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An NLRB administrative law judge issued a decision this month stating a Domino's franchisee entity violated the National Labor Relations Act in requiring employees as a condition of employment to agree to pursue legal disputes with the restaurant owners in binding arbitration on an individual basis, waiving their rights to pursue class and collective legal action.
The charges were brought against Pizza the Pie, LLC and Becca Boo Pies, LLC on December 20, 2016. The pizza companies manage and operate public restaurants in Georgia and South Carolina and are owned by Greg Fox. The two companies were found by NLRB to be a single employer, deriving gross annual revenue in excess of $500,000 that purchased and received goods and materials valued in excess of $5,000 directly from points located outside of Georgia. The owner of the Domino's franchisee entity operates multiple restaurants in both states.
Henry Thomas Phillips, III, a pizza delivery driver for the company for almost seven years, brought the case to the labor board in 2016, filing an unfair labor practice charge against the franchisee companies, which was amended for the third time at the end of December. The complaint alleges that Pizza the Pie and Becca Boo Pies violated the Act by maintaining a mandatory arbitration policy that prohibits employees from pursuing multi-plaintiff, class, or collective claims about terms and conditions of employment in any forum, arbitral or judicial. The case also charges that his employer maintains a mandatory arbitration policy that interferes with employees' access to the Board's processes; and enforces provisions if the arbitration mandatory to compel arbitration on an individual basis to preclude adjudication of collective claims in any form.
Administrative Law Judge Elizabeth M. Tafe states that the primary question in the case is whether Pizza the Pie and Becca Boo Pies owner's arbitration agreement violates the National Labor Relations Act. She concurs that the agreement clearly and expressly bars employees from exercising the right to pursue collective-employment claims in all forums. But after her detailed analysis, Judge Tafe states that the NLRB's existing precedent is that arbitration agreements containing waivers are illegal, relying on two board decisions, D.R. Horton and Murphy Oil USA Inc., the latter currently on appeal before the U.S. Supreme Court, and that no ruling has yet been issued invalidating the NLRB's position. Judge Tafe concluded that she must apply the board's rationale from the two cases to the Domino's case, the instant case based on an unfair labor practice charge filed by the pizza delivery driver.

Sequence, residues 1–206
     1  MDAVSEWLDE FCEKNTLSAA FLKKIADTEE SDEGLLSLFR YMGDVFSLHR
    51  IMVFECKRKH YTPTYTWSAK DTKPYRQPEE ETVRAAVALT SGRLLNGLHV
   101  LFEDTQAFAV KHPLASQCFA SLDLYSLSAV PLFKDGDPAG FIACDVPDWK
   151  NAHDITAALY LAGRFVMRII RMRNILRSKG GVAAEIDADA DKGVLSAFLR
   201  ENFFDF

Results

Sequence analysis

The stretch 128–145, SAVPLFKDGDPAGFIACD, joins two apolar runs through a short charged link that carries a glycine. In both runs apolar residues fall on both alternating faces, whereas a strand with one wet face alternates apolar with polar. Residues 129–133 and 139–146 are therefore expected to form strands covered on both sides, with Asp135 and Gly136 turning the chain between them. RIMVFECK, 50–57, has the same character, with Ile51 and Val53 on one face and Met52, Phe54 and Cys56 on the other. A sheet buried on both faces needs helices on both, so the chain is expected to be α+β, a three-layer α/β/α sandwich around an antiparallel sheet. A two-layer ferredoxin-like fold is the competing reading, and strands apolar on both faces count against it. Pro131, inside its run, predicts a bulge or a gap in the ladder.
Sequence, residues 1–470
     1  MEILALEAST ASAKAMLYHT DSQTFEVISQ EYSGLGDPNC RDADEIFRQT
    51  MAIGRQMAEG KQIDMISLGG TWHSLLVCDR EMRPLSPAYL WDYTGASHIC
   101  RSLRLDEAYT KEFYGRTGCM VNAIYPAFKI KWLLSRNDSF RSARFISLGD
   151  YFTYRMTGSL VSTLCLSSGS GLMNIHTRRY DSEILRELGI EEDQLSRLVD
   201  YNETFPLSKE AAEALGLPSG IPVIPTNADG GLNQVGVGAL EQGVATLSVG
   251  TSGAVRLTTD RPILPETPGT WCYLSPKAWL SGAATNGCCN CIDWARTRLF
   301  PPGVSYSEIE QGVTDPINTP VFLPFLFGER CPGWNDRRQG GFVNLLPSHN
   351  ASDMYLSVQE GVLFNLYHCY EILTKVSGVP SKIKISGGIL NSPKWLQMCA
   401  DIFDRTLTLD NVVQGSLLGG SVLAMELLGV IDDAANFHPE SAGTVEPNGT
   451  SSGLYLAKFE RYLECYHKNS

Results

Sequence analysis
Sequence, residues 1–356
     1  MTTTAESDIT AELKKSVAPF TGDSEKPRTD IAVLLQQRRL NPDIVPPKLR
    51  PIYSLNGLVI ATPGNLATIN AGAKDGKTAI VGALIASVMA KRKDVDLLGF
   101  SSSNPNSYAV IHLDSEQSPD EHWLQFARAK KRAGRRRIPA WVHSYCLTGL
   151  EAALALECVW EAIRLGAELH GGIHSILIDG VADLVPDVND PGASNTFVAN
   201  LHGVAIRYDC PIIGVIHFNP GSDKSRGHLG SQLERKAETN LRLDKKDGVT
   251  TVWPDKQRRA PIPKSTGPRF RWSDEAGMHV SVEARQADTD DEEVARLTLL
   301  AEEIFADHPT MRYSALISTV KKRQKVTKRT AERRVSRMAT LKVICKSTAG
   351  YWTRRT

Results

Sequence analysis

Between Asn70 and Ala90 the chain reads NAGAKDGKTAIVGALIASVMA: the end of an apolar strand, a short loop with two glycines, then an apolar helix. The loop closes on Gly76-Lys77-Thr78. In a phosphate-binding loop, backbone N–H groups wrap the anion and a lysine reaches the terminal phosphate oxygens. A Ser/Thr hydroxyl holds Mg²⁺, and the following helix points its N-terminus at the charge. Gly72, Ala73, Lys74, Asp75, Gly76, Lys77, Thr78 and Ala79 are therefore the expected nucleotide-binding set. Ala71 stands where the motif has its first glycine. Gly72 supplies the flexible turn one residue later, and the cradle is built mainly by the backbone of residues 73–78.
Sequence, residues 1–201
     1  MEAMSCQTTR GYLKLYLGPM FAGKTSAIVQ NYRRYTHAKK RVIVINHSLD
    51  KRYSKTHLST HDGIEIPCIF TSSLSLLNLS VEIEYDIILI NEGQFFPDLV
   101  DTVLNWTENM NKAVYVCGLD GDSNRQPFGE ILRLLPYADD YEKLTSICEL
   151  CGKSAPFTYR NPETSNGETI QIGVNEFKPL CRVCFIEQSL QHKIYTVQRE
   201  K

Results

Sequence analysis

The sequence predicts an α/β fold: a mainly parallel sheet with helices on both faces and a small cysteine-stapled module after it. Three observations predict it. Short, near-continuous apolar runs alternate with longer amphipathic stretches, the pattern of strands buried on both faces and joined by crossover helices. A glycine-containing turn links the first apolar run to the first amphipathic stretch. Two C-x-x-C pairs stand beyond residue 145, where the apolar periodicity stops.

Phillips filed a wage and hour class action in Georgia federal court alleging that his employer's reimbursement practices for delivery drivers violated the minimum wage requirements of the Fair Labor Standard Act. The franchisee entity then enforced the arbitration agreement he had signed during his employment.
In her ruling, Judge Tafe declared, "Having found that Respondent [Pizza the Pie and Becca Boo Pies] engaged in unfair labor practices, I shall order it to cease and desist from such conduct and to take cert affirmative action designed to effectuate the policies of the Act." She said they must either rescind or revise their policy or make clear to employees that the arbitration agreement doesn't preclude them from pursuing collective actions or filing charges with the NLRB. And, as his employer, they must also reimburse Phillips for attorneys' fees related to his opposition of the franchisee company's request that his lawsuit be sent to arbitration.
The franchisee entity was also ordered to notify the district court in Georgia and the American Arbitration Association that it has rescinded or revised its arbitration agreement, and that it no longer opposes Phillips' FLSA action on that basis of the NLRB order.
Other high court legal battles regarding waivers
The other cases regarding the legality of class waivers, were reported by Law360 this month on the internet. It states that earlier this year the high court "agreed to take up the issue, granting certiorari in a trio of cases that ask whether arbitration agreements containing class waivers flout the NLRA." As mentioned above, one the cases it agreed to hear is an appeal by the labor board of the Fifth Circuit ruling in the Murphy Oil, in which the appeals court overturned the labor board's invalidation of the company's arbitration agreements.
The U.S. Supreme Court also granted a petition for certiorari from Epic Systems Corp., a healthcare software systems company in Wisconsin, and Ernst & Young Big Four accounting firm, appealing decisions from the Seventh and Ninth Circuits, respectively.
|Administrative Law Judges Decision.pdf||183.33 KB|